Allwyn was Camelot's rival bidder for the UK National Lottery from 2024 and the withdrawn legal action means Allwyn can proceed with the requisite handovers to implement its lottery systems.
CRHC is involved in a process to take Allwyn public on the New York Stock Exchange and has commented on Allwyn now being able to proceed with the National Lottery handover.
Although IGT is yet to drop its proceedings against the Gambling Commission, analyst Lee Richardson told Gambling Insider Camelot's withdrawal is "good news for future lottery players."
But, more tellingly, CRHC has expressed its bullishness regarding the "$100bn" US lottery market, being "excited" that Allwyn will compete for new lottery tenders within North America.
Cohn Robbins stated: “As partners of Allwyn in our proposed business combination, Cohn Robbins shares Allwyn’s excitement concerning the UK National Lottery.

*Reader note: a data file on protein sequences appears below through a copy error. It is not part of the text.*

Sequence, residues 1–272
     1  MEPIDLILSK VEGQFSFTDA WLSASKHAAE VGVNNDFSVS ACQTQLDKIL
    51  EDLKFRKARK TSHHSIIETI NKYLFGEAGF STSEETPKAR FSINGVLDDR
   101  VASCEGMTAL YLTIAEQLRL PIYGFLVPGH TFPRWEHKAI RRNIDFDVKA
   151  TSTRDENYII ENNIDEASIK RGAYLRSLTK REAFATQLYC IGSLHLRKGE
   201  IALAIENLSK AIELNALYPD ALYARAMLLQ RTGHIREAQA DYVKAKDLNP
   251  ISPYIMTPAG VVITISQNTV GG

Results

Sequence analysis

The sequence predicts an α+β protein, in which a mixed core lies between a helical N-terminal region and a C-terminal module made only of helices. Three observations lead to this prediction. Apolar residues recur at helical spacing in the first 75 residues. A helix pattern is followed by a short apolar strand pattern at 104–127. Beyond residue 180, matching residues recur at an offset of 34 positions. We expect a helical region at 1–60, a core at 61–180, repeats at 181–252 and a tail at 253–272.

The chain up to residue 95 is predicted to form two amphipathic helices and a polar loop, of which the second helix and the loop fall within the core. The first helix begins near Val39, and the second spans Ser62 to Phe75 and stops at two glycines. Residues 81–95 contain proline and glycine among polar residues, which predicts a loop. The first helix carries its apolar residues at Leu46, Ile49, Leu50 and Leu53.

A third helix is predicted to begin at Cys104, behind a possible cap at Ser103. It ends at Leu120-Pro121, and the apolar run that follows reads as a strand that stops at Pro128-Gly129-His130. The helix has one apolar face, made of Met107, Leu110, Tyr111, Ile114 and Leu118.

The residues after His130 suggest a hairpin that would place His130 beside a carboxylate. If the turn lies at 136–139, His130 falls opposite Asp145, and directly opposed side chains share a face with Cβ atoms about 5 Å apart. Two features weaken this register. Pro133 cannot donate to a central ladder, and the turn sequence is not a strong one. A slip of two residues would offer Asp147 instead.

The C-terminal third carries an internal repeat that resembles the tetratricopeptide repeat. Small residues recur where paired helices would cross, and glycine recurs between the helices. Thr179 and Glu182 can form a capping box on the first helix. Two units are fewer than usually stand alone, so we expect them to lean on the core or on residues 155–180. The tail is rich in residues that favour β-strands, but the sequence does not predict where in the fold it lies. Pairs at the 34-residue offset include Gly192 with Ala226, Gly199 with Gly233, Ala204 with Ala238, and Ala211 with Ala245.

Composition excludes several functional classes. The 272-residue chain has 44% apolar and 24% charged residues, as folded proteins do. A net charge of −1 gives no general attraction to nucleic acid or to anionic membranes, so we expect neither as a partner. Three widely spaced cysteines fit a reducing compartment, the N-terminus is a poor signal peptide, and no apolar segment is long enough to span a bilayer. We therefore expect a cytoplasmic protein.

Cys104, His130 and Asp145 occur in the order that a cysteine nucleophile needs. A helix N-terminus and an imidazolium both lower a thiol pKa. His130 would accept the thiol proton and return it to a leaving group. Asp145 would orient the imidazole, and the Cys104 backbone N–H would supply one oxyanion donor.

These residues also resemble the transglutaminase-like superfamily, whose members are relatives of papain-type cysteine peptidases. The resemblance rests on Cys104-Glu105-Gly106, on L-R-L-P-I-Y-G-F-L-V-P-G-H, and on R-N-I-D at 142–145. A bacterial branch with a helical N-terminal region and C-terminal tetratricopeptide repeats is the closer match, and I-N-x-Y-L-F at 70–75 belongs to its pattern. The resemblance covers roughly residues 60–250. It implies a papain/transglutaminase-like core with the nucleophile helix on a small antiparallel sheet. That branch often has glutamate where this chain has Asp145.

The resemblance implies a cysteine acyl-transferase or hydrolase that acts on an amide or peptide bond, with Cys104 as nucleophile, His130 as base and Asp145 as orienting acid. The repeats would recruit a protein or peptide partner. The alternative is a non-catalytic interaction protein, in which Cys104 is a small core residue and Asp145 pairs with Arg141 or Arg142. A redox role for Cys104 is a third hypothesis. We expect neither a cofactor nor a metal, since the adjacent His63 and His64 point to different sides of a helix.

"Allwyn’s selection as the preferred applicant to operate Europe’s largest lottery, after one of the most competitive lottery licence tenders ever conducted, is a tribute to the strength and track record of the Allwyn team.
"We are also excited that Allwyn will be competing for new lottery tenders – including in the $100bn US market – with the credential of having successfully operated lotteries in multiple geographies.”
Allwyn formerly went by the name of Sazka Group, a Czech Republic-based operator that specialised in online gaming and lottery products.
Rebranding to Allwyn, it has since doubled down on its lottery focus, winning the prestigious UK National Lottery licence off Camelot – a company that has operated the National Lottery since 1994.
Given the huge lottery interest among players in the US, Allwyn's interest in the region is a no-brainer; it will face stiff competition, though, from operators partnered with the likes of IGT (which works with Camelot in the UK) and Scientific Games.